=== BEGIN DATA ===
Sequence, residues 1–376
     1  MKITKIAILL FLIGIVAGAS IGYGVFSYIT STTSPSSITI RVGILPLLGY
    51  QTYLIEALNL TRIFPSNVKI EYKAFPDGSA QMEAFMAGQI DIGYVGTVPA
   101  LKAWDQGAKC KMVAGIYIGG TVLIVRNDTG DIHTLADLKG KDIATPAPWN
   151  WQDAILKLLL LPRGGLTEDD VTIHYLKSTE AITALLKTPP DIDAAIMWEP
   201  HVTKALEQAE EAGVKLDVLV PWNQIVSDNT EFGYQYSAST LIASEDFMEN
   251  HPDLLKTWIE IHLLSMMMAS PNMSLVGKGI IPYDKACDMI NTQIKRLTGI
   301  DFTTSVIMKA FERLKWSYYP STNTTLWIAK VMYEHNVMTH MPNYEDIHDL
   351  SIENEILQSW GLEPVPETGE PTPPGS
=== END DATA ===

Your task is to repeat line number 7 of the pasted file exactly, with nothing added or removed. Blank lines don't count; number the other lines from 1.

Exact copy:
   251  HPDLLKTWIE IHLLSMMMAS PNMSLVGKGI IPYDKACDMI NTQIKRLTGI